February 5, 2003

The Birth Contract: Feminist regression

By: Jonathan Watson

Before modern times, and then very far back, there existed first social structures, then legal structures, that allowed men to escape consequences of their actions with women rather easily. Lack of political power on the part of women combined with lack of scientific tests allowed some men to get away with more than a few crimes, anywhere from abandonment of pregnant mothers to rape.

Meanwhile, better men were forming birth contracts with their wives. In the perfect sense this is an unspoken agreement between a married woman and man to raise their children in accordance with their mutual values, and each filling a different (but not exclusive) role in the child’s life. Just as none of us is perfect, so none of these tacit agreements were flawless. However, with hard work, communication, and prayer, more than a few couples successfully stayed together and raised their offspring. So continues this to the present day.

The early feminists fought for a place for women in society. Through their efforts, women gained the right to vote, to own and dispose of property as married women, and to enter into contracts. One of the most important rights gained during this period was the right of a woman to child support, a protection against the aforementioned “some men.” Previously, a woman who had a child out of wedlock had no chances for assistance from the father unless he was an honorable man. With new laws and scientific developments, a woman could compel the father through court to take responsibility and provide support for her in raising the child. Even now, the child-support system is not perfect, and it is not a substitute for the birth contract, but it has helped many women to raise children on their own where before it may have been impossible.

The advent of new feminism and an almost unthinkable, unthinking, and overwhelming support for abortion has brought both the birth contract and child support system under attack from the women’s side. Women, say these feminists, no longer need the permission of their fathers or husbands in order to have an abortion. Many states have already enacted laws that stipulate precisely that. Now we have liberated ourselves entirely from man, say feminists, and need no longer worry about their control over our lives and reproductive identity. But they have not thought their actions through to the terribly logical conclusion.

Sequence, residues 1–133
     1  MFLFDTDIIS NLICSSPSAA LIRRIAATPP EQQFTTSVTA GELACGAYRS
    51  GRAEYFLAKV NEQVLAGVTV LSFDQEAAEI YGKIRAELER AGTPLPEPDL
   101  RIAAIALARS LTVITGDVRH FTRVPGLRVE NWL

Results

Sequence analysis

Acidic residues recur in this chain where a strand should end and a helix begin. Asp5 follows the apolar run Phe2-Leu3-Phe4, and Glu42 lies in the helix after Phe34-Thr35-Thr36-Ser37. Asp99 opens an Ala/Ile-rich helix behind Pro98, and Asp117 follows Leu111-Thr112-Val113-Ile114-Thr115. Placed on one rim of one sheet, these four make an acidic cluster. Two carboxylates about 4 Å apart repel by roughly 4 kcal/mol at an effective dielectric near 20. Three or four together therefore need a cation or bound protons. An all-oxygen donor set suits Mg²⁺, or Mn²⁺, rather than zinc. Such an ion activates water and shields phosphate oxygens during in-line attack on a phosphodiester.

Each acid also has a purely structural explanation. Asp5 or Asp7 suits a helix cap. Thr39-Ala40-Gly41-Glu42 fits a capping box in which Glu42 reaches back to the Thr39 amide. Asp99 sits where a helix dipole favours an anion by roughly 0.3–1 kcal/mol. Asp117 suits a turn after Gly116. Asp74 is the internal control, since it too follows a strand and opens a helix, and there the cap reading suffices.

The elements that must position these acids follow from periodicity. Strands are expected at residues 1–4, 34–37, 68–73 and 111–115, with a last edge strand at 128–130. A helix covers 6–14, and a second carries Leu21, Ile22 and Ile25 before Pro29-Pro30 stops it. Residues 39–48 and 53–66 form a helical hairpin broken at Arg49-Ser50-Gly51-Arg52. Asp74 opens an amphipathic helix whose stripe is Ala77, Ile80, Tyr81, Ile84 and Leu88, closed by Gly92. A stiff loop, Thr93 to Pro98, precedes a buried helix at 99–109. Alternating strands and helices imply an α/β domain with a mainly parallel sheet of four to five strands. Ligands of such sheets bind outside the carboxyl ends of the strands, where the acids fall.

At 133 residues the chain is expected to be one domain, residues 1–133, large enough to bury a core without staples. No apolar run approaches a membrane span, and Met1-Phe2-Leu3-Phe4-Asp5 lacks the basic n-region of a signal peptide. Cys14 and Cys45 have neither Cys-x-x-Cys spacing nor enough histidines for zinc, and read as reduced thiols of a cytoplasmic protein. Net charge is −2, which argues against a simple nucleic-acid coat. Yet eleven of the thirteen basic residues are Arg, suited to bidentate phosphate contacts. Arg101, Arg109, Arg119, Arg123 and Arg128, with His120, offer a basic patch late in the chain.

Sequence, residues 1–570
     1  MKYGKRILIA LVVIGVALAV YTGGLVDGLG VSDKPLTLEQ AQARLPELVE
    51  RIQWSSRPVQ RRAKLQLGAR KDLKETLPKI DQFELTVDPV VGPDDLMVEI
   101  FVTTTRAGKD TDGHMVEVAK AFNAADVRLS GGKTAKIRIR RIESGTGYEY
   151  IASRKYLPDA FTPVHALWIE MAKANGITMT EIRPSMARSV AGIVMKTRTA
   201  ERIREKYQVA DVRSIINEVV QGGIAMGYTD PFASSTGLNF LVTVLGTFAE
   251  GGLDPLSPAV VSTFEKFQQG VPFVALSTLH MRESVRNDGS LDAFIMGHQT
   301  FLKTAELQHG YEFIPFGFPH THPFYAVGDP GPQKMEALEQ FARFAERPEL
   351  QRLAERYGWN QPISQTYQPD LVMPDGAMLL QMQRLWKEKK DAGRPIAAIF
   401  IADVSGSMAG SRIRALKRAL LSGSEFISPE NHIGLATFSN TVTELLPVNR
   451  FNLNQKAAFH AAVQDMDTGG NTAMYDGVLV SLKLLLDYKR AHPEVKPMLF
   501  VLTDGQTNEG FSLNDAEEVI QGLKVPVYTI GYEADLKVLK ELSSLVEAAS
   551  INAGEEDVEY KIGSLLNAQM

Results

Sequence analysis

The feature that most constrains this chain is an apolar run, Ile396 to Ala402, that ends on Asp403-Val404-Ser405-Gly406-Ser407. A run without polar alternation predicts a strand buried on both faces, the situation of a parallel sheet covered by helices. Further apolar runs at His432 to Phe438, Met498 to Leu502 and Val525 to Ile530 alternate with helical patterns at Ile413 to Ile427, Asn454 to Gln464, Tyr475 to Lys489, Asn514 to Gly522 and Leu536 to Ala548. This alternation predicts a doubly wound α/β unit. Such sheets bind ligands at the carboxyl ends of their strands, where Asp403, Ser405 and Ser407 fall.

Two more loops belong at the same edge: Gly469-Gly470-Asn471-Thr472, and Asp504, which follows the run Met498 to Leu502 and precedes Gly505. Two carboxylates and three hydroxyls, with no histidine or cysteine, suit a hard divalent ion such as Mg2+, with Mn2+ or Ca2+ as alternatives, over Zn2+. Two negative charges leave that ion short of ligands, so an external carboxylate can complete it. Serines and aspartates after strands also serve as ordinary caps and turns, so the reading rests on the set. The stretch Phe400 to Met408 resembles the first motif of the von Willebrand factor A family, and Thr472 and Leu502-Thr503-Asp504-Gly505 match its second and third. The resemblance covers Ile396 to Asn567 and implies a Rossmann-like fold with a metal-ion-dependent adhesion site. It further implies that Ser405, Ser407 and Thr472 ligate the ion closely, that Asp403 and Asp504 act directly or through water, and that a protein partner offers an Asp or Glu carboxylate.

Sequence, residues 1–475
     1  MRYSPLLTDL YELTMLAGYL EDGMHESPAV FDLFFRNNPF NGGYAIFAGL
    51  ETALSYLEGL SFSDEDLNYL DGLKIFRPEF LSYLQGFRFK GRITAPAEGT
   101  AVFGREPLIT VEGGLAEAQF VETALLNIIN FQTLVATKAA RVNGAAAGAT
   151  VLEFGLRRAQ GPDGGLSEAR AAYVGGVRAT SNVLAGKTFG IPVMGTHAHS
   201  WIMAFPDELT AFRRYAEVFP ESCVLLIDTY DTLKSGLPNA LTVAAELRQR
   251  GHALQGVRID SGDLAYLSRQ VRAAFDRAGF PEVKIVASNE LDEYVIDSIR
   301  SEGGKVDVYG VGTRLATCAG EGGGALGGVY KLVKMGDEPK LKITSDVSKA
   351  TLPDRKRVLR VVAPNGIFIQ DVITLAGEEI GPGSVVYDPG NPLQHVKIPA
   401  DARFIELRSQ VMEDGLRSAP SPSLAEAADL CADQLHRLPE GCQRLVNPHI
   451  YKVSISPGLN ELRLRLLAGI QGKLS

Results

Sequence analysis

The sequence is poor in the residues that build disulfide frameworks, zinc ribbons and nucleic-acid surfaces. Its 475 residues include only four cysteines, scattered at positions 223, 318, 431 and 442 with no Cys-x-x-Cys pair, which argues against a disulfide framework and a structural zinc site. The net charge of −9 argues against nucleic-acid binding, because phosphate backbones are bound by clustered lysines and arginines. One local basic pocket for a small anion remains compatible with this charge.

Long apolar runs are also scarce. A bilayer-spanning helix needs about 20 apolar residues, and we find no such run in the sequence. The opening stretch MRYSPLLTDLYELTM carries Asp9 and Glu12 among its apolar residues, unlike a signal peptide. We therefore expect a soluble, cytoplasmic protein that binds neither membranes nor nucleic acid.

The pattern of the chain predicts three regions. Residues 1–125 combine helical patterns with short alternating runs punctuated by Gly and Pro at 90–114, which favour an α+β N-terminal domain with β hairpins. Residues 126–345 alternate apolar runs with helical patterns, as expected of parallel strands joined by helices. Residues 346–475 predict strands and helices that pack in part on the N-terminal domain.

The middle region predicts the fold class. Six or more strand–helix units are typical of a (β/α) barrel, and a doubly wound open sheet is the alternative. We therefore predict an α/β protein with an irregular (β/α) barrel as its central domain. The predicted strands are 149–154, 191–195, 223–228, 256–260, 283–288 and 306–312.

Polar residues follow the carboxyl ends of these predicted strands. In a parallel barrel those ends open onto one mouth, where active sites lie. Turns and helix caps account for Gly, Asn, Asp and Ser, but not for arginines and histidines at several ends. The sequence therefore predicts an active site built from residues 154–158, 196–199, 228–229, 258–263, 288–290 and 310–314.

Within a few years or months, a case will come before some court, somewhere, involving a young, pregnant, unmarried woman. She will have decided to keep the baby (her choice, the feminists will cry). Since the man is not the type with whom she would even want to form a birth contract, she will be asking the court for support. The judge will turn to the defendant’s lawyer and ask for comments. The lawyer will simply apply the logical conclusion to current abortion laws and thought and make a few connections for the judge. And the judge will declare that the woman will receive no support for her baby. (She should have had an abortion, the feminists will cry).

And in the silence that follows that decision, many women will weep. In that moment of judgment, the nouveau-feminists will realize that losing any power of control in a matter means absolution of any responsibility. Quite suddenly, all the legal and scientific structures designed to help women against men who would take absolute advantage of them will not matter. Abortion laws, designed to “protect” wives and daughters from their husbands and fathers will give an unmarried woman only one real option against men who are neither: to have an abortion. For which evil man will step up and take consequences for his actions when he is told by the very women whom he violates that it is quite unnecessary?